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How To Create a Stress-Free Transition Back to In-Person School for Your Child

Whether your child spent the last year in a classroom or learning from home, returning to in-person classes for a new school year can cause a bit of anxiety. But did you know that there are steps you can take to help your child ease back into classes? Here are some ways to relieve back-to-school anxiety.

Recognize how your child experiences anxiety.

Most children probably won’t understand that what they are experiencing is anxiety, but they may mention the symptoms they’re experiencing. Keep in mind that there are many different types of anxiety; to name a few, separation anxiety, social anxiety, testing anxiety, and generalized anxiety. It’s important to know that anxiety manifests differently depending on what type the child is experiencing, and even then, everyone experiences anxiety differently. Some of the common ways it shows in children are:

⦁ Shaking or trembling

⦁ Recurring fear or distress in the absence of parents

⦁ Trouble concentrating

⦁ Inability to get rid of negative thoughts

⦁ Headaches

⦁ Avoiding people or social situations

⦁ Stomachaches

⦁ Difficulty sleeping

⦁ Anger

⦁ Refusing to sleep alone

⦁ Restlessness or feeling on edge

⦁ Racing heartbeat

⦁ Low self-esteem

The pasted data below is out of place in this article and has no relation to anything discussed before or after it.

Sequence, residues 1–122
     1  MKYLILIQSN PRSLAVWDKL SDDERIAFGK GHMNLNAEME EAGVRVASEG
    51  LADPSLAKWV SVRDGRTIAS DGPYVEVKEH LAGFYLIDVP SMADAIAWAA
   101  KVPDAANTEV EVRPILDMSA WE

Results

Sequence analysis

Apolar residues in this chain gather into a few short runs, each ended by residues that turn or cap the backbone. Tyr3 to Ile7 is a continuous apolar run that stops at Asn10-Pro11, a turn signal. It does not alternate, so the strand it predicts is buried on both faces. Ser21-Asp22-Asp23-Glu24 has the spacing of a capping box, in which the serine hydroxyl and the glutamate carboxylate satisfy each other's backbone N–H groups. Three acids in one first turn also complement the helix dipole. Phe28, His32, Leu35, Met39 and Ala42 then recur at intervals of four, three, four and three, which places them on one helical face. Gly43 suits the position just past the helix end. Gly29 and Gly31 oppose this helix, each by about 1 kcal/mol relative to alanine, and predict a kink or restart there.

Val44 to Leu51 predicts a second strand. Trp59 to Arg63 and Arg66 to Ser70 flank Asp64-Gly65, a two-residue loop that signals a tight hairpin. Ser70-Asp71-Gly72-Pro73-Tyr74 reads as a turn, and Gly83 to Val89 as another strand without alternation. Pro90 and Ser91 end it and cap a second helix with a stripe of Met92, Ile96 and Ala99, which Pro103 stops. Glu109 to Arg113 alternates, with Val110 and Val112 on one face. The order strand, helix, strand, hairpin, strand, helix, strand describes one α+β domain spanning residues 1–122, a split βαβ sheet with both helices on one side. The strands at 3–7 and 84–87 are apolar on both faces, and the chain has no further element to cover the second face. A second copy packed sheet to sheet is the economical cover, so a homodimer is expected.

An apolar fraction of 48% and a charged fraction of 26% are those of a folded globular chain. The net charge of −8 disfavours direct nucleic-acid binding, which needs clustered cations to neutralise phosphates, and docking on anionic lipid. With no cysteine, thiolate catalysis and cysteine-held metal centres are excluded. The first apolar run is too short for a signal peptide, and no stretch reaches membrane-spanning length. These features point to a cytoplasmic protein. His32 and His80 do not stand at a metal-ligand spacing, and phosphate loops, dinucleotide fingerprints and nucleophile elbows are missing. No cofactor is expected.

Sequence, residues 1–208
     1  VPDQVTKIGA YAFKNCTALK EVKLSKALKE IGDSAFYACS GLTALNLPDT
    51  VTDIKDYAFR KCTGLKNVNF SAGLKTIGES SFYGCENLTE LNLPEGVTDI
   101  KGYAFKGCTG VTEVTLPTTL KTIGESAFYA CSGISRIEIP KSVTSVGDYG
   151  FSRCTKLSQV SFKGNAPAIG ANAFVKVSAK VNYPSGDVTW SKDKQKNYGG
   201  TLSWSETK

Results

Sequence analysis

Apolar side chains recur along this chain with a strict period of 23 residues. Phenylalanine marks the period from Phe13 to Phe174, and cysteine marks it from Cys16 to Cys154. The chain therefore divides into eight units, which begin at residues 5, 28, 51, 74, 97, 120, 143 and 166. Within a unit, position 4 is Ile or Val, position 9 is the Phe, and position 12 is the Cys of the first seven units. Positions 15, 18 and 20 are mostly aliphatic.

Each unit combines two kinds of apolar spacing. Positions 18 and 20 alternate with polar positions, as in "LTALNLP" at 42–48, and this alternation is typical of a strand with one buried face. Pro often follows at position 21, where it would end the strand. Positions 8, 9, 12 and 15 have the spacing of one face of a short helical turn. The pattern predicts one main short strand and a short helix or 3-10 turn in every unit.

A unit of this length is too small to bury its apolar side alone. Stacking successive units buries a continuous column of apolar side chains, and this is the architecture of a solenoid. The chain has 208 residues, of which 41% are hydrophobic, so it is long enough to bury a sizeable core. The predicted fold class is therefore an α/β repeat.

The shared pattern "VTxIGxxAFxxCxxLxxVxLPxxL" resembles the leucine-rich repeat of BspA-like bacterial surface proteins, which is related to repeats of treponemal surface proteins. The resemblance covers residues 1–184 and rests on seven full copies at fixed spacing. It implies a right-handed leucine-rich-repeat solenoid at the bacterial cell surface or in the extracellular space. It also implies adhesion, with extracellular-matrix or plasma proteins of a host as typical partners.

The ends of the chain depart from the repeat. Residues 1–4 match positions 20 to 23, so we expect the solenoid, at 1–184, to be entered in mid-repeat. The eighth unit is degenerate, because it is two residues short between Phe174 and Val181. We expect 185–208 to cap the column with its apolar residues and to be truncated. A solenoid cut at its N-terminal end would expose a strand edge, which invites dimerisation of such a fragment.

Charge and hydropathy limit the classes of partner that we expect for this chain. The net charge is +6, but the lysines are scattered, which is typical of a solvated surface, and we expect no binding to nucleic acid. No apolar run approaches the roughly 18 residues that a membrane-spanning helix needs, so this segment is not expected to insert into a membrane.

⦁ Dizziness or fatigue

Of course, these aren’t the only signs of anxiety in children, and if you feel your child is experiencing anxiety, trust your instincts and have them try out some meditation or mindful breathing.

Practice mindfulness.

Deep breathing is one of the simplest ways to ease anxiety. A proven method of deep breathing can be practicing 4-7-8 breaths, a technique where one breathes in through their nose for a count of 4 seconds, holds their breath for 7 seconds, and then breathes out through their mouth for 8 seconds. Another good way to practice mindfulness is through loving-kindness meditation, which can help relieve anxiety and promote high self-esteem. Meditations, in general, are an excellent way to get out of your immediate headspace and begin to look at your situation from another viewpoint.

It’s important to remember that one of the most crucial things about teaching your child mindfulness is learning by example. If you don’t believe in it or practice mindfulness yourself, they’re most likely not going to take too kindly to it.

Prioritize your child’s mental health.

Your child must know that you take their mental health as seriously as their physical health. It’s important to intervene and teach them behaviors that will help them calm down from their anxious state. In fact, most anxiety disorders are treated best using cognitive behavioral therapy, a treatment that involves knowing when one is in an anxious state and trying to resolve the feeling before it worsens. By teaching your child these ways to manage their anxiety, you’re staying a step ahead of the game and starting them on the path to overcoming their anxious behaviors will also prove to be a bonding experience.

If your child is experiencing symptoms of any mental illness, schedule a check-up with their pediatrician or family medicine physician